NEW: Protester: "The world's media is here, but the government has still not taken proper action"
Police said a gang of 20 to 25 people made videos of the children being sexually abused
Some 274 videos have been circulated, says the head of a child protection NGO
Seven people accused of blackmailing scores of children into making sex videos and then blackmailing them again by threatening to sell the recordings have been arrested in Pakistan’s Punjab province.
Police Officer Rai Babar Saeed said a gang of 20 to 25 people had abused the children between 2009 and 2014 in the village of Hussain Khan Wala in the Kasur district.
Chaudhary Hamid, a villager, said the gang blackmailed the children into engaging in sexual activity again and again to stop the videos from being leaked. Parents were also blackmailed, he said.
At least one CD shop in Kasur had been selling the videos, Saeed said. In most of the videos, the faces of criminals are not shown, but the child’s face can be seen clearly, the officer said.
Latif Sara, a lawyer representing parents of the abused children and the head of a nongovernmental organization called Children Abuse Protection, said 274 videos had been circulated.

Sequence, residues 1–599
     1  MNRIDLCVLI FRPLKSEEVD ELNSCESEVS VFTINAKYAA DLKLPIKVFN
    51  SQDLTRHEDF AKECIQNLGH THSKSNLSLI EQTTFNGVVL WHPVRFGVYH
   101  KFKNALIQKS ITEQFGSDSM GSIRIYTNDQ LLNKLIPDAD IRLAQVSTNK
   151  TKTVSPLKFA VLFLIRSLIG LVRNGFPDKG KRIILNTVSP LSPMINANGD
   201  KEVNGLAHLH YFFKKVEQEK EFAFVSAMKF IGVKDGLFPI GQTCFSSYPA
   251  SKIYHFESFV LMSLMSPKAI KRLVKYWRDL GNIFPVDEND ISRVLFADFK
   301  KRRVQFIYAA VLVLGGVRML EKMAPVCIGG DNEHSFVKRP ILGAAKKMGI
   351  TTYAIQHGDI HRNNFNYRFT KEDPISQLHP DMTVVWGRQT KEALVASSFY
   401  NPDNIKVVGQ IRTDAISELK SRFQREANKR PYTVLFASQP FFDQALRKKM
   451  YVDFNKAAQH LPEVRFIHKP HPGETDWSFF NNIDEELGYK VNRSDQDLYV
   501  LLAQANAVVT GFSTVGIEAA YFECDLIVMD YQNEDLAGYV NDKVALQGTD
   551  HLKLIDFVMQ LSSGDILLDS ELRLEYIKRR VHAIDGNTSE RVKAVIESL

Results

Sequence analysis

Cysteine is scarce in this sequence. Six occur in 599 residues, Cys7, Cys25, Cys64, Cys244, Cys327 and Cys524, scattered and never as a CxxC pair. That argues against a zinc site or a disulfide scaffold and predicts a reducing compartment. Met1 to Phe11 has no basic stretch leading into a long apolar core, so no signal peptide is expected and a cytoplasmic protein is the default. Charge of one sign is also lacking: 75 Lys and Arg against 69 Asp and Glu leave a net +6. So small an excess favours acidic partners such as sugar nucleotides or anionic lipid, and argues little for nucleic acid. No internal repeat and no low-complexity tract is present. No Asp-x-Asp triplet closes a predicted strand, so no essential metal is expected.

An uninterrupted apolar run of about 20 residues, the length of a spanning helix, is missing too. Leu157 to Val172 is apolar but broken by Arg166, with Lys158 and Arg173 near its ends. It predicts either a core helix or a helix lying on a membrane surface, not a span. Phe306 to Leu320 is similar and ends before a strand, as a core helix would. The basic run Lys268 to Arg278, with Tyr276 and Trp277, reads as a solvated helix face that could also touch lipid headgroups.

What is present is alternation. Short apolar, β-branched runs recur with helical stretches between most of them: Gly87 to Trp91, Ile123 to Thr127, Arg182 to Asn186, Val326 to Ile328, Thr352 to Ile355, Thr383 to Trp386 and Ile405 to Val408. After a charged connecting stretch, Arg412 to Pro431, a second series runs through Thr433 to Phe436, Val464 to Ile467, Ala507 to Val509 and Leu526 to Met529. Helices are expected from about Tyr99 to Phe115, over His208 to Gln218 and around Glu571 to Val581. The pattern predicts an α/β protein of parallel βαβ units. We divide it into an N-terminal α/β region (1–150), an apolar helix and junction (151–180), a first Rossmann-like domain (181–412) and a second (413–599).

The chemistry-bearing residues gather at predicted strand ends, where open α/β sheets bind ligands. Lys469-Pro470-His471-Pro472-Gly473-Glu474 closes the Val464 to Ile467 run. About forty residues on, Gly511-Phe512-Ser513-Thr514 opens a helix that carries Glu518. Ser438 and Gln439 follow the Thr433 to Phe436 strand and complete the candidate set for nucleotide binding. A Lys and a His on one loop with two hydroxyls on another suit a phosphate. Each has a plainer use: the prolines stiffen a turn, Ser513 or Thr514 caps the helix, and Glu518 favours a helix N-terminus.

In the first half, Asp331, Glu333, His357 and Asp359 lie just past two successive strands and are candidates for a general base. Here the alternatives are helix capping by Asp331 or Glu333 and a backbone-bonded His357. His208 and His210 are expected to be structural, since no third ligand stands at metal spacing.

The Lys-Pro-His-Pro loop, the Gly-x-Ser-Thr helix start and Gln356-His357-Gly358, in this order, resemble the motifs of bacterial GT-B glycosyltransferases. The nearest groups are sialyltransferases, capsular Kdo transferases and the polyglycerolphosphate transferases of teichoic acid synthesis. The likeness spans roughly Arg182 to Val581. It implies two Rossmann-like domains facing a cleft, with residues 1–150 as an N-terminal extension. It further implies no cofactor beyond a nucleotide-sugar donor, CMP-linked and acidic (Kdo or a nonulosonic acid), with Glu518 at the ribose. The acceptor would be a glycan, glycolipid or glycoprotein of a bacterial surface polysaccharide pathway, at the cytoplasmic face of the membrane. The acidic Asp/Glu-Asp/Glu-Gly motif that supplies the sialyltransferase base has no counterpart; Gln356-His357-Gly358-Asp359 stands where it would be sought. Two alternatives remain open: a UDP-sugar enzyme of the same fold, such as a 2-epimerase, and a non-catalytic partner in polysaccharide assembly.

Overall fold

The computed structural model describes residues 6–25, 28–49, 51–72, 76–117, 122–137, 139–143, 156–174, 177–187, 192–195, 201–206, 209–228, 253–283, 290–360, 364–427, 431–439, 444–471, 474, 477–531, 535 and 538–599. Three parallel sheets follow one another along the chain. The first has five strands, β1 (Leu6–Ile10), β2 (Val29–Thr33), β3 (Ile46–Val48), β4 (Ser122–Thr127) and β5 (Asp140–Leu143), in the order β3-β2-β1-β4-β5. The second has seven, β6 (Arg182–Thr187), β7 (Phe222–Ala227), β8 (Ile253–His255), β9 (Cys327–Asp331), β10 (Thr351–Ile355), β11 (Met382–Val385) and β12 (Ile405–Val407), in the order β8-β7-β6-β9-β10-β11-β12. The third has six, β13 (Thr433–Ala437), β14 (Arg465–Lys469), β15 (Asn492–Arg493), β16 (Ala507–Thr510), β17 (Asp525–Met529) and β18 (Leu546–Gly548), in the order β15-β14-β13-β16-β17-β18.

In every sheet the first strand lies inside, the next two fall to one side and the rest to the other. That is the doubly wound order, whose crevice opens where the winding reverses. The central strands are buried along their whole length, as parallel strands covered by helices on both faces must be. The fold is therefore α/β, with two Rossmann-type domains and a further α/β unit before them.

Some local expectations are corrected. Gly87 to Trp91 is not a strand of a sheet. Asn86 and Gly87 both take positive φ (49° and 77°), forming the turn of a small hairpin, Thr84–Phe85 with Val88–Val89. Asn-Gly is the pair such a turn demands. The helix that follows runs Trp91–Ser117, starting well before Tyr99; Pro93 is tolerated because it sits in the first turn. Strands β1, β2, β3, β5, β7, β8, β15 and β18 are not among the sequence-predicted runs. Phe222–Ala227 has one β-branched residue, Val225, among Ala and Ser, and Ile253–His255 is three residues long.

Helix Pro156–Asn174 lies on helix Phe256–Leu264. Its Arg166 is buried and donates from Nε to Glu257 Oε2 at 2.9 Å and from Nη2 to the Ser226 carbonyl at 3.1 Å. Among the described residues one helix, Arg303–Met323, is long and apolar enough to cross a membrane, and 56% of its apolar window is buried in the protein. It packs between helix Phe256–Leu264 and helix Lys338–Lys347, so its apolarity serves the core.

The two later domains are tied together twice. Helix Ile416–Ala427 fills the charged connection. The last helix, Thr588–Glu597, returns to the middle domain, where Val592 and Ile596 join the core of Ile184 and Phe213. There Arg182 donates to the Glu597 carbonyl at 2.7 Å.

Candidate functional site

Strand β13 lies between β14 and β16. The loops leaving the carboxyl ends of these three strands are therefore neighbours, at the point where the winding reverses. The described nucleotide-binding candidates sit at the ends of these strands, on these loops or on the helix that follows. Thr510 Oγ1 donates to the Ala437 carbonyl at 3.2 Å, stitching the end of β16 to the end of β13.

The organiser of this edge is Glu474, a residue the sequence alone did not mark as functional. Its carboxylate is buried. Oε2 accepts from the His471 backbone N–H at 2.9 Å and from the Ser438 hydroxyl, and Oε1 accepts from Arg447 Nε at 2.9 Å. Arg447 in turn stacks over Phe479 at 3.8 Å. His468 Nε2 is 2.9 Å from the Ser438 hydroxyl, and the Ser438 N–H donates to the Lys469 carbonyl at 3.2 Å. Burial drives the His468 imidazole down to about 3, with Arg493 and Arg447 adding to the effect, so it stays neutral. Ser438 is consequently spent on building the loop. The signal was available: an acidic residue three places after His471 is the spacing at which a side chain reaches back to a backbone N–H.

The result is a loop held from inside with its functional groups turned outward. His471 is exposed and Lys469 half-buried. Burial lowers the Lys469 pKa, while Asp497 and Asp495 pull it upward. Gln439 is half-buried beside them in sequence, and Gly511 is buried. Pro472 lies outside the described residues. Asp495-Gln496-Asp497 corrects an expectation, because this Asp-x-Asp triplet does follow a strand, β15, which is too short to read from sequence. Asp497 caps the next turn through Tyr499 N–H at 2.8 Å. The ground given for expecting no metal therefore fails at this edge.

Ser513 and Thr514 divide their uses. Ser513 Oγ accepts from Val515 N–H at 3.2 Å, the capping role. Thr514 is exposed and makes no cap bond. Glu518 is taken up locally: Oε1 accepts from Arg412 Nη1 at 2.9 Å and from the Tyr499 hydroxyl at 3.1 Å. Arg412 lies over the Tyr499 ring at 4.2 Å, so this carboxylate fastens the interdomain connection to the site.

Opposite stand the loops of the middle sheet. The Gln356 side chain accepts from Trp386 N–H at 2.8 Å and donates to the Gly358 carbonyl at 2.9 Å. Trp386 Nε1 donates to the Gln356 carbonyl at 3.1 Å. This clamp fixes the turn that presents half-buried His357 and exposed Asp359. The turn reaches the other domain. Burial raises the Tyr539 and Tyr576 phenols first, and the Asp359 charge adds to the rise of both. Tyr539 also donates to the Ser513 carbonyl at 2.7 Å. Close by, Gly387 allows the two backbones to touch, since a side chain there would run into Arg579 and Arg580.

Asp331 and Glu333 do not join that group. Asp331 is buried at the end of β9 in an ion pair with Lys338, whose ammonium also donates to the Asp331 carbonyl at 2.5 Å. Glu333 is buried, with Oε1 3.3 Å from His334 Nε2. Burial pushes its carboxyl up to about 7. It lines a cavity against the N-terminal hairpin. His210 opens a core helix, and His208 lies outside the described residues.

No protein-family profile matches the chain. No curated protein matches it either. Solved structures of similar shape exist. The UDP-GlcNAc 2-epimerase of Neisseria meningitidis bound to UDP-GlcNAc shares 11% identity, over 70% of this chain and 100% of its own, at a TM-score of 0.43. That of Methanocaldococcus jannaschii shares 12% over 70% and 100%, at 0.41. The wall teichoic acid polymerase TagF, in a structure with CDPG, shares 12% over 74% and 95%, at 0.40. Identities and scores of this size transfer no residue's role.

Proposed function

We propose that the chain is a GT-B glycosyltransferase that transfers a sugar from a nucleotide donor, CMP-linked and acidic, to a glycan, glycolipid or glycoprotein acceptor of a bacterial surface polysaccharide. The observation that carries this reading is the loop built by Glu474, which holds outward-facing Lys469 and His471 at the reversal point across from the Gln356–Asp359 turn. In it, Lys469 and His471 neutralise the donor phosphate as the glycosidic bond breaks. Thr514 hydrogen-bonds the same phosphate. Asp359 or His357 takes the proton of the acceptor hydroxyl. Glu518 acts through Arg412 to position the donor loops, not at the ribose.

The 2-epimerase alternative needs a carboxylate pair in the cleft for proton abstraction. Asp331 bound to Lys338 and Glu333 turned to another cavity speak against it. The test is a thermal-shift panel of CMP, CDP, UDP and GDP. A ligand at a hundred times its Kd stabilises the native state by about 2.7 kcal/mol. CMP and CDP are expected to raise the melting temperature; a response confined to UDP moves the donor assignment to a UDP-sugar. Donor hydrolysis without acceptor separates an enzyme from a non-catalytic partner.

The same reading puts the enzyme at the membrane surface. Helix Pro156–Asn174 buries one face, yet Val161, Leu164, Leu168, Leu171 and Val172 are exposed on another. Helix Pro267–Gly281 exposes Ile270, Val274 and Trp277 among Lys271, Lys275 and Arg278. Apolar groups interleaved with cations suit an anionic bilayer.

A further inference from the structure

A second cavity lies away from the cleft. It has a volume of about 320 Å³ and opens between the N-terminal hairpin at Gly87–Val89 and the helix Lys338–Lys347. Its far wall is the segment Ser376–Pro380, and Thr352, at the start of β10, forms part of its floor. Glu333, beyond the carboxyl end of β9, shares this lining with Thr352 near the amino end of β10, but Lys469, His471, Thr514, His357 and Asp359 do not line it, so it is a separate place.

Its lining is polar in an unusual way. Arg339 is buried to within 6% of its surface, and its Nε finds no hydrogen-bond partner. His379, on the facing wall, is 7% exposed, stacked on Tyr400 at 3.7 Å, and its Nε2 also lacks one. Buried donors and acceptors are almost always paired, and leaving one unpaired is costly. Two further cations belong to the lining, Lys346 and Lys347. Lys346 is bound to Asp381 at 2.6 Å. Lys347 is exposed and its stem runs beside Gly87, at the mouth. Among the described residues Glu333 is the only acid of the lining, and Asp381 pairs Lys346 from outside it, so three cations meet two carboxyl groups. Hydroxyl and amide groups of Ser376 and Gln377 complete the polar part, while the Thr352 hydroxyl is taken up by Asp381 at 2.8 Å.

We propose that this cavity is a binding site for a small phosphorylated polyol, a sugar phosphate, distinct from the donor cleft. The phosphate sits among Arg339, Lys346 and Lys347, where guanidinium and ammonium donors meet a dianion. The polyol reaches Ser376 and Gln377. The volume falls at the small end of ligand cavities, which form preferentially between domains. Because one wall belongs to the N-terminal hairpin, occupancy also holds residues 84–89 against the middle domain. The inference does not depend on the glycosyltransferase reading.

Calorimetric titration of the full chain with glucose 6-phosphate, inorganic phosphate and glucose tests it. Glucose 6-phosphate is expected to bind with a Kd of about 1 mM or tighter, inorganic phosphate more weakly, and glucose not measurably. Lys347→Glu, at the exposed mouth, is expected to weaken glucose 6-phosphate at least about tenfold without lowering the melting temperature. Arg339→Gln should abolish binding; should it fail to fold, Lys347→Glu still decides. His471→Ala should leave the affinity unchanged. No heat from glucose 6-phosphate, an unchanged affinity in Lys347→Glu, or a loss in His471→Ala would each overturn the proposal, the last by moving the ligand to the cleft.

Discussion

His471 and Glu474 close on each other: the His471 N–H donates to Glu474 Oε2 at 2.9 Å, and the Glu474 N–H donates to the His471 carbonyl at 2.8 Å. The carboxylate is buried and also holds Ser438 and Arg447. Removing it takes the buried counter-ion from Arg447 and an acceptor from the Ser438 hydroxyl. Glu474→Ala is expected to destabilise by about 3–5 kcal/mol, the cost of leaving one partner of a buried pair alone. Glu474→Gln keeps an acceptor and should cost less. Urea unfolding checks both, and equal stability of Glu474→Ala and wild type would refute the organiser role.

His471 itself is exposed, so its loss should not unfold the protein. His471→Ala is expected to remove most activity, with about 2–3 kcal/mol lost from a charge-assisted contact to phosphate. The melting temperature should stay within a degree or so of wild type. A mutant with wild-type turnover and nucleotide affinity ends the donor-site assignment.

According to a survey by the group last week, one in three of the 500 households questioned in the district of Kasur had a child who had been sexually abused, Sara said.
CNN affiliate Geo TV reported higher numbers, saying around 400 videos were made of 280 minors.
Members of the local Farmers’ Association are leading protests calling for justice for their children.
“The world’s media is here, but the government has still not taken proper action against the atrocities that have occurred over here,” protester Muhammad Hussain told CNN.
The Punjab chief minister’s office ordered a judicial inquiry, according to a statement.
The statement said the suspects are between the ages of 14 and 25 and have been charged with sodomy and extortion.
U.N. children’s agency UNICEF said the reports of children being sexually abused over several years in Kasur district were “appalling,” and that it was in contact with the Pakistani government about the case.
“Our sympathies are with the children who have been victims to this abuse,” said Philippe Cori, UNICEF deputy regional director for South Asia.
“It is vital that the children and families affected are immediately offered the necessary care and protection that will prevent further victimization and allow the difficult process of healing to begin.”
CNN’s Sophia Saifi reported from Kasur, while Ralph Ellis wrote from Atlanta and Laura Smith-Spark from London.